Hong Kong retail sales in April rose 12.1 per cent year on year, marking a slowdown in momentum for the industry’s recovery even as the Covid-19 crisis continued to abate.
Provisional figures released by the Census and Statistics Department on Tuesday showed sales that month totalled HK$27 billion (US$3.47 billion) – their lowest level since October.
The increase followed a 30 per cent year-on-year jump for February – the highest climb on record – and 20.2 per cent growth in March.
Do you have questions about the biggest topics and trends from around the world? Get the answers with SCMP Knowledge, our new platform of curated content with explainers, FAQs, analyses and infographics brought to you by our award-winning team.
Taken as a whole, retail sales in the first four months of 2021 were estimated to have grown 8.5 per cent compared to the same period last year.
A government spokesman attributed April’s growth to the low basis of comparison last year.
“But retail sales volume was still far below its pre-pandemic level, as inbound tourism remained frozen,” he added.
The spokesman said the near-term outlook for the industry would remain challenging, as tourism was unlikely to recover any time soon amid the global pandemic.
Residents embracing the city’s sluggish vaccination drive would also be essential to creating favourable conditions for a stronger business revival, he added.
Online retail sales were up 27.2 per cent year on year in April, totalling HK$1.8 billion and accounting for 6.8 per cent of the city’s total.
Clothing sales surged 64.7 per cent, while the amount spent on luxury goods like jewellery, watches, clocks and other valuable gifts nearly doubled, jumping 93.2 per cent.
Sales in supermarkets and department stores, however, dropped 12.7 per cent and 22.2 per cent, respectively.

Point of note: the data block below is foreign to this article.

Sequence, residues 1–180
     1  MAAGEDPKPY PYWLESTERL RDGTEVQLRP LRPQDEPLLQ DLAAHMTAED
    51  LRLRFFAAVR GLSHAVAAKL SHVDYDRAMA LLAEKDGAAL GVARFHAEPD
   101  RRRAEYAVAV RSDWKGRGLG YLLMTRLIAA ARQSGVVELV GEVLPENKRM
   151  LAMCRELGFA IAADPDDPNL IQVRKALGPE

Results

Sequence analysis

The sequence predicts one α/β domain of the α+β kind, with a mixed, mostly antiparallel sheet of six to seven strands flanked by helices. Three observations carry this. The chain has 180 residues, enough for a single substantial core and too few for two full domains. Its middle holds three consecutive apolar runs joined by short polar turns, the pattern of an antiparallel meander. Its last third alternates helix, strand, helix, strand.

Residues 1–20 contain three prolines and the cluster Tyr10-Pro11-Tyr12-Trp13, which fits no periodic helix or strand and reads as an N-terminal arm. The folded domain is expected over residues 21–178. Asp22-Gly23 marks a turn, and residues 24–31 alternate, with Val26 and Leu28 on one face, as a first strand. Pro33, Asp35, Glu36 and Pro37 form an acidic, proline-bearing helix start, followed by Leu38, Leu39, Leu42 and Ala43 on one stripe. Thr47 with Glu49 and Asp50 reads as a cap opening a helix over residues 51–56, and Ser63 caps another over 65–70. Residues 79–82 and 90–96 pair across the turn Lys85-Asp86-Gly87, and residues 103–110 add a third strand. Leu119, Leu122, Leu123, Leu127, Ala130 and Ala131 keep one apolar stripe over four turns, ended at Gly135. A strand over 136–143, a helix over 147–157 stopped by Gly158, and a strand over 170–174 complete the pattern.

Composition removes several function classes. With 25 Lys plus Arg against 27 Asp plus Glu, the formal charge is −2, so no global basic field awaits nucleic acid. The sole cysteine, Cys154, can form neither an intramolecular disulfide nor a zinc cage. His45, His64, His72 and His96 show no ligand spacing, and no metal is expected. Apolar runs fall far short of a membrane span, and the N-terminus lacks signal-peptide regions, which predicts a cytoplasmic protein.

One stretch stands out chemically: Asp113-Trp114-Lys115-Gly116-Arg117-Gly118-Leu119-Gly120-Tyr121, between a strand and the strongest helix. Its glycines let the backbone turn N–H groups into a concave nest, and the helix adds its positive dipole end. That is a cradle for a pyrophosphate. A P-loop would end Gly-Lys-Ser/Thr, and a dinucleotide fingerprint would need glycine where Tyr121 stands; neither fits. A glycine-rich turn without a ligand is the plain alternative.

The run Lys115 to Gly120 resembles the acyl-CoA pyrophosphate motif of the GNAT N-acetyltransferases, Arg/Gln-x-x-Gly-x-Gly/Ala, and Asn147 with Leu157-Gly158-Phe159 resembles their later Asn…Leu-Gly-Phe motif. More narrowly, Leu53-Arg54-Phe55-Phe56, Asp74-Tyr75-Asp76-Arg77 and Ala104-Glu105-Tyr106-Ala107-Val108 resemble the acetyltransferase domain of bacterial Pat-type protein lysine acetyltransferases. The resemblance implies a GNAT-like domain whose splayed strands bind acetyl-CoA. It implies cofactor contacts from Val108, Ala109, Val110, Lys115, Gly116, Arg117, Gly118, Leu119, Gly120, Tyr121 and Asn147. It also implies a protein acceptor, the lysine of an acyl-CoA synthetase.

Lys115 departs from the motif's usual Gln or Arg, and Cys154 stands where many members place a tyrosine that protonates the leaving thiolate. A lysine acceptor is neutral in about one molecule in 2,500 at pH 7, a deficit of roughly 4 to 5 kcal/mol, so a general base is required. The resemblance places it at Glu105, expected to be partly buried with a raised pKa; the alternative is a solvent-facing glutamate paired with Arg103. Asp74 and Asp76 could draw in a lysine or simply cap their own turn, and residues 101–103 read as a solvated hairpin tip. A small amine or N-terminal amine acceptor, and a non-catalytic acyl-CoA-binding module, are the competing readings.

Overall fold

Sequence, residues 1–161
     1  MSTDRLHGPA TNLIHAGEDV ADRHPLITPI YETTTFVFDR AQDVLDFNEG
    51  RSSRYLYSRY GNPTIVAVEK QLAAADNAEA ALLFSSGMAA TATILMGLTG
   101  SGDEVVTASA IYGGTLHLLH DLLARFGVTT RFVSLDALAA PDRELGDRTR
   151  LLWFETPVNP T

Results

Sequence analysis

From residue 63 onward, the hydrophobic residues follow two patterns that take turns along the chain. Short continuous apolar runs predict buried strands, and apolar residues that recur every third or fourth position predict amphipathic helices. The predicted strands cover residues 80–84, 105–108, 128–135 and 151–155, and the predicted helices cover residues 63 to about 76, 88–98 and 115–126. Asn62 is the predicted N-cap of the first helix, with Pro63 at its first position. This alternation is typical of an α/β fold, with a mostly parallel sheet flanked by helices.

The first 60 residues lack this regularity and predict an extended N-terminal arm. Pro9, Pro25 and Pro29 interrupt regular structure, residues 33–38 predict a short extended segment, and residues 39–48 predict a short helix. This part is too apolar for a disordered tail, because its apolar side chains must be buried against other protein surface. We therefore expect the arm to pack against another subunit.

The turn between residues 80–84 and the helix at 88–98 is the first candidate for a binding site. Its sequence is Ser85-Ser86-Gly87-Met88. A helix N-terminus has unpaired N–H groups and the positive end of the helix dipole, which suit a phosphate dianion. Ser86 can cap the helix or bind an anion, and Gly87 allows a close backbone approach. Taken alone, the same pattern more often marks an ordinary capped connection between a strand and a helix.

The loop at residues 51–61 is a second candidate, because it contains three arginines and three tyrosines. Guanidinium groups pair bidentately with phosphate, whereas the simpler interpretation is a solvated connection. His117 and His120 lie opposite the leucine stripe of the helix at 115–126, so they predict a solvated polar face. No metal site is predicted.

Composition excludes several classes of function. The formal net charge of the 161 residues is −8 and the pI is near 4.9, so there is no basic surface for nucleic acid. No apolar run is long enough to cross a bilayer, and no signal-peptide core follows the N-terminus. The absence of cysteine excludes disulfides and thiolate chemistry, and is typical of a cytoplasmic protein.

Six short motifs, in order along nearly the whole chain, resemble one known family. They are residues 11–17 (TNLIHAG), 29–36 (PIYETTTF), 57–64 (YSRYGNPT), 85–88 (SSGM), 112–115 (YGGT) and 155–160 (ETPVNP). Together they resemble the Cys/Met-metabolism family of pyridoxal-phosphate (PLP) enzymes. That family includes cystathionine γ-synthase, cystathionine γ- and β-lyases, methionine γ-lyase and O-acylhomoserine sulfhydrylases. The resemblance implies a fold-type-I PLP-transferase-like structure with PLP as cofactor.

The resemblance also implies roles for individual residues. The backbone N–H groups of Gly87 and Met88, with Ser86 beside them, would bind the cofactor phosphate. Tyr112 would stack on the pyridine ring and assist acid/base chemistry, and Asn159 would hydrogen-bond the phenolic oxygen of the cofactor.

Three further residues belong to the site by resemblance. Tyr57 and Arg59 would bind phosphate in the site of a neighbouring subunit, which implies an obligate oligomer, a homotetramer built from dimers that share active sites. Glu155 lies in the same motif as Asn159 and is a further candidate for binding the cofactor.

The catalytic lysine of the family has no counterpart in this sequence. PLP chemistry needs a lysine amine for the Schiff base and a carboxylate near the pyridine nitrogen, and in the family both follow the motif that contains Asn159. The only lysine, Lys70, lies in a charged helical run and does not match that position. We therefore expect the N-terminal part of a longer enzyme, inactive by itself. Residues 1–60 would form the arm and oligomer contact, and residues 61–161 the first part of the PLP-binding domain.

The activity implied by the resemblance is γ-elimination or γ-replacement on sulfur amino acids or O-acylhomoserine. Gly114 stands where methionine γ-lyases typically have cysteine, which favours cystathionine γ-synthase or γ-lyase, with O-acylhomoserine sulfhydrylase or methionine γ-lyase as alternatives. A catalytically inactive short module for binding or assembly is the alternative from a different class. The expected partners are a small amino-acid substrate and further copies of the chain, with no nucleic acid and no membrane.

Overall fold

The coronavirus pandemic has dealt a heavy blow to the retail sector, which banks on tourist spending and strong local consumer sentiment.
The number of local coronavirus cases confirmed daily in the city was largely stable in April, hovering between zero and eight.
But Hong Kong also recorded its first cases involving mutated strains of the virus in the community that month, leaving health experts and residents fearful that the more infectious variants could spread locally.
The Hong Kong Retail Management Association said based on the assumption there would not be another wave of infections and cross-border travel would remain stringently restricted, it expected the government’s digital voucher scheme to help drive up consumer sentiment.
It forecast mid-to-high single-digit growth in the retail sales figure in the second half of 2021 and for the whole year.
Simon Lee Siu-po, co-director of the international business and Chinese enterprise programme at Chinese University, said April’s year-on-year growth wasn’t as impressive as February’s because the basis of comparison for that month was even lower, given the coronavirus had first taken off in the city in the first two months of 2020.
Still, he added, “the growth rate [for April] seems to have slowed down.”
Lee said he expected retail sales in May would be up year on year, but dampened somewhat by school examination season and the fact that the city remained almost totally shut off to visitors.